So, it did take more months before he could officially open his business. This time he did not take any chances and contacted an old buddy of his, Khaya, down at a local financial services provider, Ayoba Insurance Brokers. Khaya enlightened Thomas on the risks he is susceptible to, advised, recommended and offered guidance on how best to address them. Furthermore, this friendly chap presented several products for Thomas’ consideration from the sixteen insurers Ayoba Insurance Brokers can place any type of insurance with. He also helped find insurance for Thomas’ personal stuff.

Below is a brief summary of some of the products recommended to Thomas as a new business owner: –

  • Liability Insurance – to help pay for lawsuits that claim your business, employees, services or products caused bodily injury or property damage to other unrelated parties
  • Property insurance – protects the physical goods and the equipment of the business. This includes but is not limited to vehicles, buildings, plant and machinery amongst others
  • Business interruption insurance – replaces income lost in the event that your business operations are halted for some reason, such as a fire or a natural disaster
  • Other Special type insurance – insurance for your money, accounts receivable, employee dishonesty, goods whilst in transit by road, sea, air or any mode

For a quote, contact us on +27 11 395 1631 or email us at nick@ayobainsurance.co.za / natalie@ayobainsurance.co.za

Alternatively, you can follow the link http://ayobainsurance.co.za/detailed-quote/

The information and content contained herein do not constitute a recommendation or solicitation to purchase or sell any financial product or service or arrive at a financial decision, nor do the contents of this publication constitute any form of advice or guidance.

Credit shortfall insurance, also called Top-up or Gap insurance, exists to cover the difference between your vehicle’s retail value (usually the amount the car is insured for) and the amount you owe on your vehicle loan (settlement amount).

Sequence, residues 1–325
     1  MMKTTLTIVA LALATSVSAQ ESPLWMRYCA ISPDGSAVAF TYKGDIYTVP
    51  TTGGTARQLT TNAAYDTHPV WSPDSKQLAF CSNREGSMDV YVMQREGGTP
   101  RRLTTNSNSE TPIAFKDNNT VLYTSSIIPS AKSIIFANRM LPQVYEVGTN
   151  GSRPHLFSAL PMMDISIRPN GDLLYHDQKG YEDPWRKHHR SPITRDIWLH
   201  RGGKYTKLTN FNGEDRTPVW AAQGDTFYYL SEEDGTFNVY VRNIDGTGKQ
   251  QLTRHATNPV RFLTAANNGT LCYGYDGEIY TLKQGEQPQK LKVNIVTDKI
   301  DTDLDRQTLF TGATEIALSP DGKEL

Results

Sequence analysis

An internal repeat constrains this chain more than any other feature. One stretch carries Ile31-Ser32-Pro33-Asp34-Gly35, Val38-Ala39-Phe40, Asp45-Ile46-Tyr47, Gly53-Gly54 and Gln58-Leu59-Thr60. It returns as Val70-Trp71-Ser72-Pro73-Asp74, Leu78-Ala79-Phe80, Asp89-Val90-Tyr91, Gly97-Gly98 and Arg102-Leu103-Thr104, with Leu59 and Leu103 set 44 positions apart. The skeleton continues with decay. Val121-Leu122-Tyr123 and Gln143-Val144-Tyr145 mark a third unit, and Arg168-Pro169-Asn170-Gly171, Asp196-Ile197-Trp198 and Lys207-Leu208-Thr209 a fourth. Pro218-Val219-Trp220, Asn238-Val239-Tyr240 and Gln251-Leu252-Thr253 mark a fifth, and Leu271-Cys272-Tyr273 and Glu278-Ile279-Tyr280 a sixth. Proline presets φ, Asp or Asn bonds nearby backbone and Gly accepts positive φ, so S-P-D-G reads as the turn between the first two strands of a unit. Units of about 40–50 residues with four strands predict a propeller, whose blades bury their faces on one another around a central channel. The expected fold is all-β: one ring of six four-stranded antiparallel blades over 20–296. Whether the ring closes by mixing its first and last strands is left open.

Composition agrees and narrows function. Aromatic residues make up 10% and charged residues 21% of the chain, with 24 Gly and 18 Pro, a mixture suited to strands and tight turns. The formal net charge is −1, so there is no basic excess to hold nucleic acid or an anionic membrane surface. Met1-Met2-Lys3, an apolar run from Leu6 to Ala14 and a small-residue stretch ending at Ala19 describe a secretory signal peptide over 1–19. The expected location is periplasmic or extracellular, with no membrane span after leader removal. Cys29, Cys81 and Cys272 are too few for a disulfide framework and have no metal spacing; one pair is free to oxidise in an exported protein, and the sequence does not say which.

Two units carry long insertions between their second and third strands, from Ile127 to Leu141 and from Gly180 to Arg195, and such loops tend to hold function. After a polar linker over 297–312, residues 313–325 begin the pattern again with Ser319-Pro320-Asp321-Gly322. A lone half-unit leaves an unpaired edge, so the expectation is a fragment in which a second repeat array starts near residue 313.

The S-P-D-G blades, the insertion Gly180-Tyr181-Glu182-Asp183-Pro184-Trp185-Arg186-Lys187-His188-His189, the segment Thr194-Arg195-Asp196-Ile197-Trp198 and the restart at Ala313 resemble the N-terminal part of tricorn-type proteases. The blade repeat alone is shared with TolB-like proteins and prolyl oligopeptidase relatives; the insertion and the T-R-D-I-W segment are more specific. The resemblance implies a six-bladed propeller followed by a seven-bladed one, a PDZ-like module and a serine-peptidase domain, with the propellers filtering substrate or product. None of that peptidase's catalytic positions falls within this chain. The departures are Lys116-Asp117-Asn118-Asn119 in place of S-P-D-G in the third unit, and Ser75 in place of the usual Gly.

The Vehicle loan Company or bank may also offer you this cover. It is imperative that you confirm with the bank if it is already included in your instalment amount before asking your insurance broker to add it onto your insurance policy to avoid being double insured. Credit shortfall cover will pay-out in the event of a total loss settlement (write off) where there is an amount outstanding with the finance company greater than the sum that the vehicle was insured for.  


Mpho’s vehicle was insured for R100 000 at the time he was involved in an accident that wrote off his beloved car. At the time of the accident, he still owed the bank R140 000 in terms of a finance agreement.  As a result of Mpho opting for credit shortfall cover as an optional cover at an additional premium at a date before the accident occurred, the insurer will settle the difference by paying it to the bank thus leaving Mpho debt-free!

It stands to follow that when you break even or now owe the bank less than the vehicle’s sum insured, you no longer require credit shortfall cover.

Note: Just like a courtesy car or excess waiver, the credit shortfall cover is an optional extension on most insurance policies. This means that it is not automatically included in your policy hence you must request for it.


  • Any refundable amounts added to the finance agreement over and above the purchase price of the vehicle. This includes insurance premiums, motor warranties and maintenance programmes which must be refunded to you by the company that administers the policy or warranty.
  • The credit shortfall on vehicle sound equipment or non-standard vehicle accessories which are not specified on your schedule and which form part of the finance agreement.
  • The excess on the vehicle claim, arrear instalments due and interest on them, additional finance charges and any early settlement penalties.
  • Any finance agreement where the amount of any single instalment differs by more than 10% from any other instalment (except for any final residual payments).
  • Any shortfall resulting from re-advances under an instalment sale or refinancing in terms of a vehicle.

For a quote please contact Ayoba Insurance Brokers on +27 11 395 1631 or email nick@ayobainsurance.co.za / natalie@ayobainsurance.co.zaAlternatively, you can follow the link http://ayobainsurance.co.za/detailed-quote/

The information and content contained herein do not constitute a recommendation or solicitation to purchase or sell any financial product or service or arrive at a financial decision, nor do the contents of this publication constitute any form of advice or guidance.